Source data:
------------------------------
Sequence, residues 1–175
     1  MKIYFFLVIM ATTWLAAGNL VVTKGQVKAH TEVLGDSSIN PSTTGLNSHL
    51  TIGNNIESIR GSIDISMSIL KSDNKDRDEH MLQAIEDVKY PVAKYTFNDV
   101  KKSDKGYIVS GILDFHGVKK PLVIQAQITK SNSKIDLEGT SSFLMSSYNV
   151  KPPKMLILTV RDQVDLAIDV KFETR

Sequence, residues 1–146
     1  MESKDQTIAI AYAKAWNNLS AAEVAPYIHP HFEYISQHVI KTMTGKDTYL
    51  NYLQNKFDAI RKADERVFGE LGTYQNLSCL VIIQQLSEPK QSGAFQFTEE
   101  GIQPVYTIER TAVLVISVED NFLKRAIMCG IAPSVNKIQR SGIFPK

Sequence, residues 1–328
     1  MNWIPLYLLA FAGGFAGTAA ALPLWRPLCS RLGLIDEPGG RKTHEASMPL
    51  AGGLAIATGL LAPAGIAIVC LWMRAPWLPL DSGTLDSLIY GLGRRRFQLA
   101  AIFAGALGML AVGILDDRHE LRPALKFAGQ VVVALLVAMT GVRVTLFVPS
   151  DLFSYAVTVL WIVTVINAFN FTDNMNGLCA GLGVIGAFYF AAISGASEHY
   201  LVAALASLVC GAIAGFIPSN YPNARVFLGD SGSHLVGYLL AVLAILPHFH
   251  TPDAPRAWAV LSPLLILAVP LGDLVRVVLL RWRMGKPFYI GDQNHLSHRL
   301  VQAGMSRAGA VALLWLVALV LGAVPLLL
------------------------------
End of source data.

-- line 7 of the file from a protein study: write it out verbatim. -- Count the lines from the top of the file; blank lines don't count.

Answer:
     1  MESKDQTIAI AYAKAWNNLS AAEVAPYIHP HFEYISQHVI KTMTGKDTYL